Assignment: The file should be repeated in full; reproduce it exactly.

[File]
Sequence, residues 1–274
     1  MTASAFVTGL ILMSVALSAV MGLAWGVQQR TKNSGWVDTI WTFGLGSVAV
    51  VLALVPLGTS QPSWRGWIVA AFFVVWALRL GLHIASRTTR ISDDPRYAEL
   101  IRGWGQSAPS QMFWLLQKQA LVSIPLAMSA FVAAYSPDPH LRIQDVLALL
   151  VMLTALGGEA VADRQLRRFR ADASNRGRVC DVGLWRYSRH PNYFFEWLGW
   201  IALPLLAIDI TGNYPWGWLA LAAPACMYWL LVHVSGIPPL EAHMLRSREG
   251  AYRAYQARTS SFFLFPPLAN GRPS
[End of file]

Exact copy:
Sequence, residues 1–274
     1  MTASAFVTGL ILMSVALSAV MGLAWGVQQR TKNSGWVDTI WTFGLGSVAV
    51  VLALVPLGTS QPSWRGWIVA AFFVVWALRL GLHIASRTTR ISDDPRYAEL
   101  IRGWGQSAPS QMFWLLQKQA LVSIPLAMSA FVAAYSPDPH LRIQDVLALL
   151  VMLTALGGEA VADRQLRRFR ADASNRGRVC DVGLWRYSRH PNYFFEWLGW
   201  IALPLLAIDI TGNYPWGWLA LAAPACMYWL LVHVSGIPPL EAHMLRSREG
   251  AYRAYQARTS SFFLFPPLAN GRPS